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C.S. Morrissey – Global Theatre

Drawing offers digital detox and rediscovery of beauty

Voices Oct. 16, 2018

Seattle-based painter Juliette Aristides, who knows how traditional arts education can form us in beauty, will address the Catholic Art Guild’s second annual conference in Chicago.  (YouTube/LeQuire Gallery image)

“We all draw when we’re children,” says Seattle-based painter Juliette Aristides. So why do we stop? The problem seems to be education.

Without the right education, we stop responding in an appropriate way to the beauty in the world. But with the right education, we can both be formed by beauty, and also make our own contribution to the beauty around us.

Juliette founded her Aristides Atelier in Seattle at the Gage Academy of Fine Art. “Atelier” is a French word that simply means “studio.”

The “atelier” idea is that students should study in a studio with a master artist, whom they keep on imitating, until they acquire the skills they need. By training as an apprentice to a master, skills will eventually grow to match one’s desire to create beautiful works of art.

Beauty in art is out of fashion

Beauty in art is out of fashion, both in education and in the marketplace. Perhaps the strongest case against the ugliness of the contemporary art world is made by Sir Roger Scruton, in his BBC documentary “Why Beauty Matters,” as well as in his many books on aesthetics.

Scruton gave a stirring keynote address at the Catholic Art Guild’s first annual conference in Chicago last year. This year, Aristides will be among the speakers at the Guild’s second annual conference Nov. 4, again in Chicago. The conference begins with a choral High Mass at St. John Cantius Church, before moving to the Drake Hotel for four speakers and a gala dinner discussion on the theme “Formed in Beauty.”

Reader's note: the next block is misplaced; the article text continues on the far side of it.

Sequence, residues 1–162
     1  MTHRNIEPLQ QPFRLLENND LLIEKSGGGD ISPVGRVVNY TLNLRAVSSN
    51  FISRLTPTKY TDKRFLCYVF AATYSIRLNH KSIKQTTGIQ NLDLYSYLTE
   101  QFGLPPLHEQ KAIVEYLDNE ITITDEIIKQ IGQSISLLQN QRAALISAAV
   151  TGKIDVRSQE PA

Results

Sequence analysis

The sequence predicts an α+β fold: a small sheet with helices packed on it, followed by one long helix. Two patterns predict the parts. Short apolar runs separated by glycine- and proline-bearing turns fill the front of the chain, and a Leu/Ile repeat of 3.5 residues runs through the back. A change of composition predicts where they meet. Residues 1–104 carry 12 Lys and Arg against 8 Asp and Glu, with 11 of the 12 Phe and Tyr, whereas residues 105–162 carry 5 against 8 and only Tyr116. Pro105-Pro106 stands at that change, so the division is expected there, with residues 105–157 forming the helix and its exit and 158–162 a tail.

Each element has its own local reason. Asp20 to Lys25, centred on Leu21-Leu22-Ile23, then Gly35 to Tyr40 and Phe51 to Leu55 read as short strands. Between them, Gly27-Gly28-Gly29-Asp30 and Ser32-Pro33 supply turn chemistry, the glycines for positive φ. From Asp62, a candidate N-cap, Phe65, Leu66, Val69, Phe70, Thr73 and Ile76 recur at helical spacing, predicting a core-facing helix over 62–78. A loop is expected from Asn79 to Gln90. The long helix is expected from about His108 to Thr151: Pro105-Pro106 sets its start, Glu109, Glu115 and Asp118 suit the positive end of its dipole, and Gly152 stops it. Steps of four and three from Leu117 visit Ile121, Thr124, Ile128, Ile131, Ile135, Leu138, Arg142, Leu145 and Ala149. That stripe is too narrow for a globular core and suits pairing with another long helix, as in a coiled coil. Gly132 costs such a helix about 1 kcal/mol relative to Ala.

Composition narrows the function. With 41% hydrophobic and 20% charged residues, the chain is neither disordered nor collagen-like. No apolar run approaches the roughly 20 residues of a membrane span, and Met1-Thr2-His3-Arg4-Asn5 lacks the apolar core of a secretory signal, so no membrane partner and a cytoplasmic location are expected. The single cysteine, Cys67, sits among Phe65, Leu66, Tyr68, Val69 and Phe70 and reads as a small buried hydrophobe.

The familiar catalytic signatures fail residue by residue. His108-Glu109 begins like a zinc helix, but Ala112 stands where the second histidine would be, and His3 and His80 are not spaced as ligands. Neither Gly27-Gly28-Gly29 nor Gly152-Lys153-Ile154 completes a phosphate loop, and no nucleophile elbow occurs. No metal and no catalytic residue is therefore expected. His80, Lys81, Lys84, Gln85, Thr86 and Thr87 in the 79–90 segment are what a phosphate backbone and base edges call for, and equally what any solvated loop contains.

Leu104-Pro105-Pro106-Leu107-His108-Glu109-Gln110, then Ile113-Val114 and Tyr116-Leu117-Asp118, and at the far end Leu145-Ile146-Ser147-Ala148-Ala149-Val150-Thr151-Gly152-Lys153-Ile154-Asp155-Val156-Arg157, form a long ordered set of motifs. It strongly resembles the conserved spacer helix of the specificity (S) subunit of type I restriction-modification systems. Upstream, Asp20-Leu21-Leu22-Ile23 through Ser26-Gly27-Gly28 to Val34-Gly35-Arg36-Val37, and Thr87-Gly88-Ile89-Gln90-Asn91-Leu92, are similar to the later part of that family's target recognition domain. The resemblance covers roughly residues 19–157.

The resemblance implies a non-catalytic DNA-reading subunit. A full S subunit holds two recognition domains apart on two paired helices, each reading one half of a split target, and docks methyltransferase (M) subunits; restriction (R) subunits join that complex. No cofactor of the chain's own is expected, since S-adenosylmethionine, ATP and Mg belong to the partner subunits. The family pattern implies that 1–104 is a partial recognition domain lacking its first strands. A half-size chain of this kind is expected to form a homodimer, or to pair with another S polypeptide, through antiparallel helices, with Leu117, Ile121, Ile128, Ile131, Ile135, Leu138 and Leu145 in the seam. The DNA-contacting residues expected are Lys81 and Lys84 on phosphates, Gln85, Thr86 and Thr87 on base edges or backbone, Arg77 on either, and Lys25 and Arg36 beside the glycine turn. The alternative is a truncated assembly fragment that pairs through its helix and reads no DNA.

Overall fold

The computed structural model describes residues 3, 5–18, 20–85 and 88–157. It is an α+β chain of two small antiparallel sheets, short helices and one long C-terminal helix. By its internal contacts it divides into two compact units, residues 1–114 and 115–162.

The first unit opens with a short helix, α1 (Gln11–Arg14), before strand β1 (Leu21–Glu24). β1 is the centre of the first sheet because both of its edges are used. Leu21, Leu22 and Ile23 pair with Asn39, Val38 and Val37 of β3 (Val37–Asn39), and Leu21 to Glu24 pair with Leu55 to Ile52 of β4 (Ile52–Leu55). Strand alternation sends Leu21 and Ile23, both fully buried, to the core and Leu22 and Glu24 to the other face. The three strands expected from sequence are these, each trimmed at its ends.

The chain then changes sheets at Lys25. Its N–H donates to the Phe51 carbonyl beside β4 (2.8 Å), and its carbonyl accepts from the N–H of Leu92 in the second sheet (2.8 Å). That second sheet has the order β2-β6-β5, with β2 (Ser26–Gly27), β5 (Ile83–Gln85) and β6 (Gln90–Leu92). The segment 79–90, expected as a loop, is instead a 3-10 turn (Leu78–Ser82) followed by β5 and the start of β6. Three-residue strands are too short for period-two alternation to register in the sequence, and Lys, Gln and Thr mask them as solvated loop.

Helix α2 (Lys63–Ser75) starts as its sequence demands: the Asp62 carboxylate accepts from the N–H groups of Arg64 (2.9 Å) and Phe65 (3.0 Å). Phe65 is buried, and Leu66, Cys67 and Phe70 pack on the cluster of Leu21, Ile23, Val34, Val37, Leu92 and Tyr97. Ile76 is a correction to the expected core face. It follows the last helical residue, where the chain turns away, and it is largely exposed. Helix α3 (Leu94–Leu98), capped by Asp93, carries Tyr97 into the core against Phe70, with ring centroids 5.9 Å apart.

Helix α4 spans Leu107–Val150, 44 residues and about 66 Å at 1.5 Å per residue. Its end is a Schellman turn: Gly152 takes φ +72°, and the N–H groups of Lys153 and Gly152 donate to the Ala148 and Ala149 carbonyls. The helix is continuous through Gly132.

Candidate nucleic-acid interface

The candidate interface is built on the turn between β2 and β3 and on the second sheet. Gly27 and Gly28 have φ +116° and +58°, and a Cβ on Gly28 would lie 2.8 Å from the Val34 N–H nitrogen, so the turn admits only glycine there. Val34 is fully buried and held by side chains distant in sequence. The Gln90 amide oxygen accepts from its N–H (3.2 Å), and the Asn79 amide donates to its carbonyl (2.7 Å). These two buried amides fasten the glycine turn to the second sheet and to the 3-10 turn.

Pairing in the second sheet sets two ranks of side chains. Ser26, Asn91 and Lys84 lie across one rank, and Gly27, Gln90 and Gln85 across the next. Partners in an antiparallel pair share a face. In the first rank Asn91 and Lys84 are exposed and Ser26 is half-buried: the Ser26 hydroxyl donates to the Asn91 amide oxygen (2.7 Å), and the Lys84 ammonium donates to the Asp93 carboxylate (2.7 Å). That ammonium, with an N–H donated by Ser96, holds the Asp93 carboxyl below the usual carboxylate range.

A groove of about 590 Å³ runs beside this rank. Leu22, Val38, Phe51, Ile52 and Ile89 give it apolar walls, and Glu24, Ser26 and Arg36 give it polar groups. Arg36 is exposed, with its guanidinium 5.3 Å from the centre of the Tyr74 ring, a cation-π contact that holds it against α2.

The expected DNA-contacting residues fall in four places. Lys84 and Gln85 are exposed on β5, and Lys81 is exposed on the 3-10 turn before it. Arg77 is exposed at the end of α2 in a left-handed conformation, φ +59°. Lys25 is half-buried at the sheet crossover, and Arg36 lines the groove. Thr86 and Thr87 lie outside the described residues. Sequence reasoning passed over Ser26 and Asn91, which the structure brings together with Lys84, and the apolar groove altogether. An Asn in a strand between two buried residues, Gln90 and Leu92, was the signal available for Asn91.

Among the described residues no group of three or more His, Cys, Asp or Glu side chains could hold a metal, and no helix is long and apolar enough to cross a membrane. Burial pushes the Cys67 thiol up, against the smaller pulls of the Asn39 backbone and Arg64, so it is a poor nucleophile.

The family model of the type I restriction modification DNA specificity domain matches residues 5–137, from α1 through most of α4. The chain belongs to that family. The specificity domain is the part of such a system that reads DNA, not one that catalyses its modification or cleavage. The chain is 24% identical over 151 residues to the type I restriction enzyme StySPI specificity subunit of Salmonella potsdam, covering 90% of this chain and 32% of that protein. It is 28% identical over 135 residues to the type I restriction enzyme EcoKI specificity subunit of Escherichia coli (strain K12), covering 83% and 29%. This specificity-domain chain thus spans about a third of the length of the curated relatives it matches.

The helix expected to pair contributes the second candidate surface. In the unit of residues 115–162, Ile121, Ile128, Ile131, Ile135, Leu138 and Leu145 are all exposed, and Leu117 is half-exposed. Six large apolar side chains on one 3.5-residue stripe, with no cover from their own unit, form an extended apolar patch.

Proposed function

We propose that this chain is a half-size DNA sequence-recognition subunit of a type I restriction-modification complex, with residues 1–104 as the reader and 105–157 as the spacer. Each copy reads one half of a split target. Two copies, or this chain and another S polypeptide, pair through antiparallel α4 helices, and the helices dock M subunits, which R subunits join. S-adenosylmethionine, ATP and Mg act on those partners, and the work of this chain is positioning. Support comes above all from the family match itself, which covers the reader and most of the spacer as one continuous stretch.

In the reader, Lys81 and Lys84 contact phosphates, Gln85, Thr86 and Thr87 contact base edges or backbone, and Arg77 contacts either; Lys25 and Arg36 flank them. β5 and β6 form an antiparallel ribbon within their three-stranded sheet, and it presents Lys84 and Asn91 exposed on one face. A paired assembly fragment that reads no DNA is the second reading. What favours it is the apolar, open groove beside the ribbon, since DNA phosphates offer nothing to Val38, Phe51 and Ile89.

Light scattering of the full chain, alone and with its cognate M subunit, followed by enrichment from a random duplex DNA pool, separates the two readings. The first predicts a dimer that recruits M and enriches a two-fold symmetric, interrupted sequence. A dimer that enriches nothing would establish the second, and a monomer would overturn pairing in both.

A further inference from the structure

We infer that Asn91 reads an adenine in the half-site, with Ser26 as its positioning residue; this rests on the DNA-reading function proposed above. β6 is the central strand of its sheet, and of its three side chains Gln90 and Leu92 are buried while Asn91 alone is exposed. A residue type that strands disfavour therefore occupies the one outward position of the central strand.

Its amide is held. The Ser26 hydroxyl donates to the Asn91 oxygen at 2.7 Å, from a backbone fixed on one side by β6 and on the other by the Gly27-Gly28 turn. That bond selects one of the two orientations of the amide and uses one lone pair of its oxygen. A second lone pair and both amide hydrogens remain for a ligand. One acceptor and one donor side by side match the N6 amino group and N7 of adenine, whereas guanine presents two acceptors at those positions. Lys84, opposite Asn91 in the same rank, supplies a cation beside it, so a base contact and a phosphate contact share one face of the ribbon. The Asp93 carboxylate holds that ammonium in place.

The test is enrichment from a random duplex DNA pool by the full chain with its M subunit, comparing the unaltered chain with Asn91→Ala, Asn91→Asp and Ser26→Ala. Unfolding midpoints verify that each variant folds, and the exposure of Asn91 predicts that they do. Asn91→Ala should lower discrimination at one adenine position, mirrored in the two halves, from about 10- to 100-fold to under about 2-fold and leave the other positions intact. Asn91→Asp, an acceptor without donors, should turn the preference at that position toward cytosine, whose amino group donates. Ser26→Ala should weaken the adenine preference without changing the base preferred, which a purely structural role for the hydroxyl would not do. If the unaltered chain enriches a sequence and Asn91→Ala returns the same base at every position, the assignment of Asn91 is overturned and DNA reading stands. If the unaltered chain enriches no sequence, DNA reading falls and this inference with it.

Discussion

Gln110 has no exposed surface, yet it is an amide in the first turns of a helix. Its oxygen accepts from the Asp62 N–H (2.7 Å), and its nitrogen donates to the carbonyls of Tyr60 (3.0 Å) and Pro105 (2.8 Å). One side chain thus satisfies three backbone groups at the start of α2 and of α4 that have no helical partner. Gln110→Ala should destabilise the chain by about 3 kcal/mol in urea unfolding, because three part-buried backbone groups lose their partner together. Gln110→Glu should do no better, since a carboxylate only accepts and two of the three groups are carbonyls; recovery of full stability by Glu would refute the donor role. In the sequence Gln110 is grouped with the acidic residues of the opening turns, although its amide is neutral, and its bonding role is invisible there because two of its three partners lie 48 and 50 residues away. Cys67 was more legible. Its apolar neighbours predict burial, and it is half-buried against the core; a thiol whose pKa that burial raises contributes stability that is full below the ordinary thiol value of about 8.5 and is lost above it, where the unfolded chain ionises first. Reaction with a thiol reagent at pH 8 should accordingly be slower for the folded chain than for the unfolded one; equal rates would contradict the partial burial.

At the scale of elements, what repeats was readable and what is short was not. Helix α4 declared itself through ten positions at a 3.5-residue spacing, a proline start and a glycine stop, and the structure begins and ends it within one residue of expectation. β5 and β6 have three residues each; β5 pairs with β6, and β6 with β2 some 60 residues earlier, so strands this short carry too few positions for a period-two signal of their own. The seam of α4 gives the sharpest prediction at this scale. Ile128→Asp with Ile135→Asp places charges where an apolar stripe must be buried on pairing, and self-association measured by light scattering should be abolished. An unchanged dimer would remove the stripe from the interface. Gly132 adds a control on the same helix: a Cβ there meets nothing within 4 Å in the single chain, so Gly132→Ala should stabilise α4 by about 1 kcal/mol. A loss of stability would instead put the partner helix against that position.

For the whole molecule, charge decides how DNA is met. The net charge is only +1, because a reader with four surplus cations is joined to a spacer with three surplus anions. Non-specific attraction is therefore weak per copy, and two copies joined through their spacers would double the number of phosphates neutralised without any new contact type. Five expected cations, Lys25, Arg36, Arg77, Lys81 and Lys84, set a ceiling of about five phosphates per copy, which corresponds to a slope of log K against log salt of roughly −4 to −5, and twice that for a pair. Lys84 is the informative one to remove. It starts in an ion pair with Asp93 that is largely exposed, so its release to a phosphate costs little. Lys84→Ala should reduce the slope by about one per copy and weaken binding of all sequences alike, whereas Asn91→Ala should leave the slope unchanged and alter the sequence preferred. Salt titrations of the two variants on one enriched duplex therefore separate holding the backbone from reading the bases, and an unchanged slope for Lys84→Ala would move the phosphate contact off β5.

To my mind, the cultivation of drawing and painting is crucial for rebuilding traditional arts education. Because Aristides is keenly dedicated to this goal, I look forward to her talk with anticipation.

How important is it to take time to stop and look at the world? I would argue the need for such a meditative contemplation of beauty has never been more urgent.

The assault on our environment by digital images comes daily

The assault on our environment by digital images comes daily, in a never-ending tidal wave. We are constantly connected to the Internet via our smartphones, those incredibly powerful devices that are rewiring our brains.

Because we are being conditioned by this technology to think in a less mindful way, we need a “life hack” to help us unplug and reconnect to a frame of mind where we are not being technologically manipulated by others.

If we can return to our familiar childhood impulse to draw, we have a chance to rise above the digital flood polluting our mind and environment. We can live in the world in a calm and healthy way.

Drawing begins its contribution to the sum total of beauty in the world first and foremost by allowing us to recollect ourselves. From that inward calm, which allows us to truly gaze out peacefully on the world, we can use eye and pencil to notice what we might otherwise have missed.

Passion and inspiration do not automatically burst forth from our souls. But with the right training, anyone can acquire a set of skills that create all the right conditions for such an outburst.

That doesn’t mean everyone can become a master artist. But it does mean everyone, especially through drawing, can learn and acquire the habit of contemplating and appreciating beauty.

We can reside within the joy which beauty offers

If we allow ourselves to be formed by beauty, we create the conditions for an outbreak of happiness in our lives. We can reside within the joy which beauty offers to everyone.

Learning to play the piano is an opportunity many feel they have missed. It is easier to acquire that skill when younger, but practice and dedication can still lead to musical abilities later in life.

Yet even if you never learned to play the piano, you must admit you did indeed draw as a child. So why not return to that practice? It may feel like returning to a beloved bicycle from childhood.

Take comfort in the fact you once learned to write out letters by hand. The history of the alphabet tells us each letter of the alphabet was born in an act of drawing.

In the beginning, each letter was a picture that stood for something. The letter “A” started out as a drawing of an ox head, whereas the letter “L” was an ox-goad. The letter “K” began as a drawing of a palm, whereas the letter “I” represented an arm. Water was represented by “M,” a snake by “N,” and an eye by “O.”

There is a world of beauty and wonder hiding right in front of you. Its door is opened, not with a phone, but a pencil.